Math Surprise: Remote Islanders Invented Binary Number System

an abstract illustration of numbers.
The human brain has a "map" for perceiving numbers, large and small, new research shows. (Image credit: Andreas Guskos |

The natives of a remote Polynesian Island invented a binary number system, similar to the one used by computers to calculate, centuries before Western mathematicians did, new research suggests.

The counting scheme, described today (Dec. 16) in the journal Proceedings of the National Academy of Sciences, uses both decimal and binary numbers, so it isn't a complete binary system from zero to infinity. But the binary portion of the system may have helped ancient people keep track of an elaborate trading network between distant Pacific Islands.

"Those were probably the numbers that were most frequent in their trading and redistribution systems," said study co-author Andrea Bender, a cognitive scientist at the University of Bergen in Norway. "For that specific range, it was helpful to have these binary steps that make mental arithmetic much easier — they didn't have a writing or notational system, so they had to do everything in their mind." [The 9 Most Massive Numbers in Existence]

Numbering scheme

One of the most famous, and avant-garde, mathematicians of the 17th century, Gottfried Wilhelm Leibniz, invented a binary numeral system and showed that it could be used in a primitive calculating machine. Nowadays, binary numbers — a base-2 system where each position is typically written as a 0 or 1 — form the backbone of all modern computing systems.

But new evidence suggests some remote Polynesian islanders may have beat the famous mathematician to the numerical punch line by several centuries.

Bender and her colleague Sieghard Beller were looking through a dictionary from Mangareva, an island with less than 2,000 inhabitants, just 7 square miles (18 square kilometers) large, located about halfway between Easter Island and Tahiti.

"It's only a tiny spot in a vast ocean," Bender told LiveScience.

The researchers noticed Mangarevans had words for numerals 1 through 10. But for numbers 20 through 80, they used a binary system, with separate, one-word terms for 20, 40 and 80.  For really large numbers, they used powers of 10 up to at least 10 million.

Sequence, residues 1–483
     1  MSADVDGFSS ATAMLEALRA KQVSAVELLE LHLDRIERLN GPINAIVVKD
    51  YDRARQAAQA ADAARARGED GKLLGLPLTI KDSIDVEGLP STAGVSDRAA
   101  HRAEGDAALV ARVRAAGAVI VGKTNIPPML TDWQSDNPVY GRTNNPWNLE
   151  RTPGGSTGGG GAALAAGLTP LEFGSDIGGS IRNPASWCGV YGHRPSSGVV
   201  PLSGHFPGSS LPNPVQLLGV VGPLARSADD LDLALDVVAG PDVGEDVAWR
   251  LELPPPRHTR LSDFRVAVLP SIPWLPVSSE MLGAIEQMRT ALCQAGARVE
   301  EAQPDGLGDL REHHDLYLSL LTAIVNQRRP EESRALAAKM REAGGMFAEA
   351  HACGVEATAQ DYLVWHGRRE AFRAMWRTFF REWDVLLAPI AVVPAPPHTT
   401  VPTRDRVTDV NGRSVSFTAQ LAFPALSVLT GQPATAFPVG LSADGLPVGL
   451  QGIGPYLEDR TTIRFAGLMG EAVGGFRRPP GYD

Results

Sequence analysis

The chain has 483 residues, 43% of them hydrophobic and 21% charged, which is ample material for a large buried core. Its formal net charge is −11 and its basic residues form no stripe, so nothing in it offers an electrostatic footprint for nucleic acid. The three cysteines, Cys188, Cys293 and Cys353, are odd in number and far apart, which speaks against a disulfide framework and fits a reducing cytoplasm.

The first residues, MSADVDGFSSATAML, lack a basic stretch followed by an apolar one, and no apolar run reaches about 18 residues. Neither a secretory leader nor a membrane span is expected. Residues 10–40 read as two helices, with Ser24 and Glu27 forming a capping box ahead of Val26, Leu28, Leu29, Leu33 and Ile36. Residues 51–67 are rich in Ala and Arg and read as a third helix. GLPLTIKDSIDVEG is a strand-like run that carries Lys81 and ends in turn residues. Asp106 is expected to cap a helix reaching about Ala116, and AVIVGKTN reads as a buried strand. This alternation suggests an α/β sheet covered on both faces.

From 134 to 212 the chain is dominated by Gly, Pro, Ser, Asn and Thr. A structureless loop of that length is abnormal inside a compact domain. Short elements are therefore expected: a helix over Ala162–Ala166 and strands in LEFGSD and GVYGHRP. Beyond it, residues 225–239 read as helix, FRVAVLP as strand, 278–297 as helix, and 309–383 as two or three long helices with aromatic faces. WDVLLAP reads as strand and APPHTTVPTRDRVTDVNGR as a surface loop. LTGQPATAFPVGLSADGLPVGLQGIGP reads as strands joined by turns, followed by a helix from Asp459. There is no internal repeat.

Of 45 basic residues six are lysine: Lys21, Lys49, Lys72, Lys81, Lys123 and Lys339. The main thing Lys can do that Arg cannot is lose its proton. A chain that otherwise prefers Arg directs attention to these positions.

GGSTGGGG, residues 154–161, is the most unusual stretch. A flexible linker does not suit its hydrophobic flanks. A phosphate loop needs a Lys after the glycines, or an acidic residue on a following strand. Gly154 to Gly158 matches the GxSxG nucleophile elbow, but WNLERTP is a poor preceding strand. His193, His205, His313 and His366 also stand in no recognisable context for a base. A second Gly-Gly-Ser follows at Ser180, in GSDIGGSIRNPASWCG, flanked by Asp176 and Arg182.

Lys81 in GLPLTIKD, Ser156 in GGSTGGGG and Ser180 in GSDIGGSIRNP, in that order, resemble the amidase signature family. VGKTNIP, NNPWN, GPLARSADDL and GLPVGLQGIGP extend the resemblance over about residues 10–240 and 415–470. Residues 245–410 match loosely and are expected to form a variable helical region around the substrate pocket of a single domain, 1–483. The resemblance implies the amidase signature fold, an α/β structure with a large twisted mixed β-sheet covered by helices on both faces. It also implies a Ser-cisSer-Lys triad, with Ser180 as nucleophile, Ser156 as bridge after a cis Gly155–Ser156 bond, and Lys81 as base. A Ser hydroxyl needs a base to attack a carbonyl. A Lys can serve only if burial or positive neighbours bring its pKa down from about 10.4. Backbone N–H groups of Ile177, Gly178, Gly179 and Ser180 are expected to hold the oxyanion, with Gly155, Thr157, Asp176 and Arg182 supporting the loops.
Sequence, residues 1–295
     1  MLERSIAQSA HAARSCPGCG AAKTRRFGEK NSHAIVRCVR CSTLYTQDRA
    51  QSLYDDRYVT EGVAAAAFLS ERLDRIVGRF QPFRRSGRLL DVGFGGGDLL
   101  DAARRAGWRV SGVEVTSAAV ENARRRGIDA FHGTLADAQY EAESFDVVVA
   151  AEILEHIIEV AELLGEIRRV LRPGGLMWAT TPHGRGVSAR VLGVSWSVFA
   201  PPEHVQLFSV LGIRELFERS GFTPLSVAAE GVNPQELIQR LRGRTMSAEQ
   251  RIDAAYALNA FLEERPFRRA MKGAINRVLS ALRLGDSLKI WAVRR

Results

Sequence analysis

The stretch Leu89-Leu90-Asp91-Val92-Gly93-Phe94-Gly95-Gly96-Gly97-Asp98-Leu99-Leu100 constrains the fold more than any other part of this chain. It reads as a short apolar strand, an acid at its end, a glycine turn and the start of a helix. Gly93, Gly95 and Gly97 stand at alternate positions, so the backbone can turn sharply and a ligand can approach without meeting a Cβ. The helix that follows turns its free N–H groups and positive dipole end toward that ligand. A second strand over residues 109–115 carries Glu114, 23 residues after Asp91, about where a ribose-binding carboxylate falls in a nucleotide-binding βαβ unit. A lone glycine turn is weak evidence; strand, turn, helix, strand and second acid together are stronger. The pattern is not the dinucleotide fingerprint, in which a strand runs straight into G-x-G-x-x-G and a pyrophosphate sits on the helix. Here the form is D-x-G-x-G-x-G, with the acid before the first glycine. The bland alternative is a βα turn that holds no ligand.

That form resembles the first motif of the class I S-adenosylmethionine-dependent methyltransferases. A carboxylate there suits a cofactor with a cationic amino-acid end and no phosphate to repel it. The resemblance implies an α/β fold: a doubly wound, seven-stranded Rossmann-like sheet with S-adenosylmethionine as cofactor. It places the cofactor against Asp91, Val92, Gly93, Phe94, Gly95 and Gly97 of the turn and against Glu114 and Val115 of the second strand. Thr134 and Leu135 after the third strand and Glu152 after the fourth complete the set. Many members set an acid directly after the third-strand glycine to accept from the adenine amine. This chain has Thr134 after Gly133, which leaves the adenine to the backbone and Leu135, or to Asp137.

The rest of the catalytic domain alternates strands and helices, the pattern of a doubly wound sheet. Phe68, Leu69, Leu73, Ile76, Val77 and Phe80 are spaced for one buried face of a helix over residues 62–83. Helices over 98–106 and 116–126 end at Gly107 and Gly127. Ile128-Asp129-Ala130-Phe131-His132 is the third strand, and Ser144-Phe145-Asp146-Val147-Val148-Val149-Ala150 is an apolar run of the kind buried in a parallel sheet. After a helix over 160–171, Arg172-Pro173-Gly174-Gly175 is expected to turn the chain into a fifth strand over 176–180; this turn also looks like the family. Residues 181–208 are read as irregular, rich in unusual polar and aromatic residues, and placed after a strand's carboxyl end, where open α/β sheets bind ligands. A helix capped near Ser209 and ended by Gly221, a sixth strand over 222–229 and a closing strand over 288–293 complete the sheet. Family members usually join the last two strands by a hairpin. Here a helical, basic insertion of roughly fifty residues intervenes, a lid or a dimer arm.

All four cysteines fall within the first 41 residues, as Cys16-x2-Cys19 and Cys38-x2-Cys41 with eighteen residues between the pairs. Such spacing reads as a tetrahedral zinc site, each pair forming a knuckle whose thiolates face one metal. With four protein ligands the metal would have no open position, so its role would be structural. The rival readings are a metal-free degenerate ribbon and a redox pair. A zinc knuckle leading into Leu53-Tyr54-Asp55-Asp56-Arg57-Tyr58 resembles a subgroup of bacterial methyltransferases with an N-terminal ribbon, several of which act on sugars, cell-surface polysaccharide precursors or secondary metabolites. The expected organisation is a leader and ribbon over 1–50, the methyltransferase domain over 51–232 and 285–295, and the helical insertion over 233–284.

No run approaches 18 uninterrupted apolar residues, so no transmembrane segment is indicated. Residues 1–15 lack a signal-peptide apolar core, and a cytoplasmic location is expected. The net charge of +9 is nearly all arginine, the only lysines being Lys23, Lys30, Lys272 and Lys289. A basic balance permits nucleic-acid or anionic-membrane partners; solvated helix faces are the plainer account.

As an example, to calculate 50 + 70  (which is 120), the Mangarevan system would take the words for 10 (takau)+40 (tataua) and then add it to the word for 10 (takau) + 20 (paua) + 40 (tataua), which would be expressed as 80 (varu) + 40 (tataua).

Solving mental arithmetic

The researchers next looked at the number systems in related Polynesian languages and deduced the Mangarevan system likely evolved to help people solve complex mental arithmetic to support a trading and tribute system that died out in the mid-1400s.

Up until that time, Mangarevans traded across long distances for items such as turtles, octopuses, coconut and breadfruit with people on the Marquesas Islands, Hawaii and the islands around Tahiti. Commoners had to tribute these items to higher-ranking people, all the way to the king, who would then redistribute the bounty at large feasts.  

The numbering scheme may be the only known example of an extensive binary numeral system that predates Leibniz. (People in Papua New Guinea also use a binary system, but they don't use words for powers of two, meaning their system doesn't count very high, Bender said.)

"What is fascinating about it is that they show very clearly and very carefully that you can have a very complex number system being used in a culture without needing notation," said Heike Wiese, a cognitive scientist and linguist at the University of Potsdam in Germany, who was not involved in the study.

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Tia Ghose
Managing Editor

Tia is the managing editor and was previously a senior writer for Live Science. Her work has appeared in Scientific American, and other outlets. She holds a master's degree in bioengineering from the University of Washington, a graduate certificate in science writing from UC Santa Cruz and a bachelor's degree in mechanical engineering from the University of Texas at Austin. Tia was part of a team at the Milwaukee Journal Sentinel that published the Empty Cradles series on preterm births, which won multiple awards, including the 2012 Casey Medal for Meritorious Journalism.